1. The question involved in this appeal is one of limitation. The plaintiff sues for the recovery of certain jewels described in Schedule A to the plaint and certain articles described in Schedule B. His case is that he deposited with the defendant's son for safe custody the jewels mentioned in Schedule A, and that he left in the house, which he occupied along with the defendant's son, the articles mentioned in B schedule, when he vacated it, on the 14th December, 1918. The defendants deny the deposit, as well as the allegation that the B schedule properties were left in the house, occupied by the defendant's son. The defendant's son seems to have died on the 6th December, 1918, and his wife, the 1st plaintiff's sister, died on the 18th December. The learned City Civil Judge has dismissed the suit, on the ground that Article 48 of the Limitation Act applied, and the suit having been brought more than 3 years from the date of the alleged deposit was barred by limitation.
2. Mr. Bhashyam Aiyangar, for the appellant, contends that the proper article applicable to a case of this kind, is Article 145, under which he has 30 years to bring a suit. The learned Judge has taken the view that the suit is not based upon a contract, but upon tort, inasmuch as the plaintiff stated that the defendants were in wrongful possession of the jewels. In a case like this, where no evidence has been adduced, it is the averments in the plaint that have to be looked to, and not any case that may be set up in evidence, on the side of the defendants. The defendants' statement is a mere denial of the plaintiffs' allegations.
3. That being so, the plaintiffs' allegation that they deposited the jewels mentioned in Schedule A with the defendant's son, should be taken as the sole basis for considering what period of limitation is applicable to the case. Mr. Desikachari, who appears for the respondent, contends that the son being dead, the suit against the depository does not lie, and his clients, being alleged to be in possession of such property, should be held to be persons, who have converted the property to their own use, and therefore either Article 48 or Article 49 is applicable, in which case the suit is barred.
4. But I fail to appreciate the argument on behalf of the respondents; for, in the case of a bailee, or depository, or pawnee, it cannot be said that the contract of bailment, or deposit or pawn comes to an end, on the death of the bailee, depository, or pawnee; and the legal representative who succeeds to the estate of the deceased is bound by any contract to which the deceased was a party. That being so, I. think the proper article of the Limitation Act applicable to a case like the one set out in the plaint, viz., of deposit, is Article 145.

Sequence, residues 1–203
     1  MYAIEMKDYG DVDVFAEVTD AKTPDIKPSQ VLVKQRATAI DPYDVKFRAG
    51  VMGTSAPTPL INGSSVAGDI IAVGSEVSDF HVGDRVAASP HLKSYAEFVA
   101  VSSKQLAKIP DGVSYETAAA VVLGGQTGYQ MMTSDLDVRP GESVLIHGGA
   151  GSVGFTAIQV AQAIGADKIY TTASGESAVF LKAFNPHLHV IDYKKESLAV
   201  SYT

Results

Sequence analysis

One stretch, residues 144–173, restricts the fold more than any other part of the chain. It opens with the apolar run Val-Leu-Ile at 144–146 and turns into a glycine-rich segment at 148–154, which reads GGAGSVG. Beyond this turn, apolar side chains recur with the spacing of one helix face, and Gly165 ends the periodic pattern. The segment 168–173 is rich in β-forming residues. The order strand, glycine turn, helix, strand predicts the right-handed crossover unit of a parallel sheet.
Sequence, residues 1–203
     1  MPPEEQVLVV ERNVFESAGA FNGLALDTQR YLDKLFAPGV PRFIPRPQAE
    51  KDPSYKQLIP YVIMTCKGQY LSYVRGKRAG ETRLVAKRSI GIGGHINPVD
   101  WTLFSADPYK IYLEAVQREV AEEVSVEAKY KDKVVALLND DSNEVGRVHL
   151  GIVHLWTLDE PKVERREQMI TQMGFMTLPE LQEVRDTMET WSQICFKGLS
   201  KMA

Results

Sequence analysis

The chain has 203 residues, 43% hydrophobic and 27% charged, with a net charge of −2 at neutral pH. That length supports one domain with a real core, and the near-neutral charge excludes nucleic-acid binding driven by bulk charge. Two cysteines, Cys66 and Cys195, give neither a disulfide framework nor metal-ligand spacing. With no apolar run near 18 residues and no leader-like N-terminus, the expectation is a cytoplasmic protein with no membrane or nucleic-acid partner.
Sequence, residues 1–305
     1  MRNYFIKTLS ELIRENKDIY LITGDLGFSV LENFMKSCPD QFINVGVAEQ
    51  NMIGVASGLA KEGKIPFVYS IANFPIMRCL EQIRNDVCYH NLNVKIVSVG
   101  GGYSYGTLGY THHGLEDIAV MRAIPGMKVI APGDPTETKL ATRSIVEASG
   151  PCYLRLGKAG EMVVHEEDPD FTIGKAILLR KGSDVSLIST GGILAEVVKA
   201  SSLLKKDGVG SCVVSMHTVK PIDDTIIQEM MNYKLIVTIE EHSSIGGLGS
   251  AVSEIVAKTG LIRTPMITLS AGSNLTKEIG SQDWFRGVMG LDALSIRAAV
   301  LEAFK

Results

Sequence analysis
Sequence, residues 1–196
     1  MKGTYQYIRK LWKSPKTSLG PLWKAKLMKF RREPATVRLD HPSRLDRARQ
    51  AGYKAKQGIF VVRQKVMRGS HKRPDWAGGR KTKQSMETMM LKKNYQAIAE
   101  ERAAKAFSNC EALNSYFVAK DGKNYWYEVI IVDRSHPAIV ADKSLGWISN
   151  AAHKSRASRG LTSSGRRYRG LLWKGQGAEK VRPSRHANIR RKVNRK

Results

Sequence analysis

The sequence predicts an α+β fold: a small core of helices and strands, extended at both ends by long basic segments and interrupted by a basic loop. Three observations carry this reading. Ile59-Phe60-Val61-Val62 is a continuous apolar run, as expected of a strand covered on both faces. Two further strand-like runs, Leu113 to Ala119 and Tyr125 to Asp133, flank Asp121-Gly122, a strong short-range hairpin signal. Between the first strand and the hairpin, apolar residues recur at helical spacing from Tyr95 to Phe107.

5. So far as the jewels mentioned in Schedule A are concerned, Article 145 is the proper article to be applied.
6. As regards the articles mentioned in Schedule B, to the plaint, the contention on behalf of the respondents is that Article 49, should be held to be applicable. Article 49 is in these terms:
For other specific movable property, or for compensation for wrongfully taking, or injuring, or wrongfully detaining the same.
7. When the plaintiff vacated the house, which he occupied with the defendant's son he left according to his own statement certain articles. There is no allegation in the written statement that these were converted to the use of defendants. If such an allegation was made, and if conversion was more than 3 years old, no doubt the plaintiff's suit would be barred. Then we have to see whether Article 48 would be applicable to the claim, in respect of the B Schedule properties. Article 48 applies to a suit for the recovery of the specific movable property lost, or acquired by theft, or dishonest misappropriation, or conversion, or compensation for wrongfully taking, or detaining the same.
8. As I have already said, the defendants did not plead that these properties were converted to their use, more than three years before the date of suit. Their being in possession cannot be held to be wrongful, so long as they did not convert them to their own use, inconsistent with the plaintiff's ownership. Their denial that they ever came into possession of such property precludes the contention that they converted them to their own use. Mr. Desikachari relies upon Arunachalam Pillai v. Alagambia Pillai (1907) 3 M.L.J. 324. That case has no application to the facts of the present case as there was no deposit in that case. Taking all the averments in the plaint into consideration, as well as the statements in the written statement, I think the learned Judge erred in holding that either Article 48 or Article 49 applied to the claim for B schedule properties.
9. As I have already stated, Article 145 applies to the claim, in respect of A schedule jewels; and as regards B schedule articles, the claim is made within three years, and time began to run only from the date, when there was refusal to deliver, or denial that the defendants were in possession of such property. I therefore set aside the decree of the City Civil Judge and direct him to restore the suit to his file and dispose of it according to law. Costs of this appeal will abide the result.
10. The appellants will be entitled to a refund of the Court-fee paid in this Court.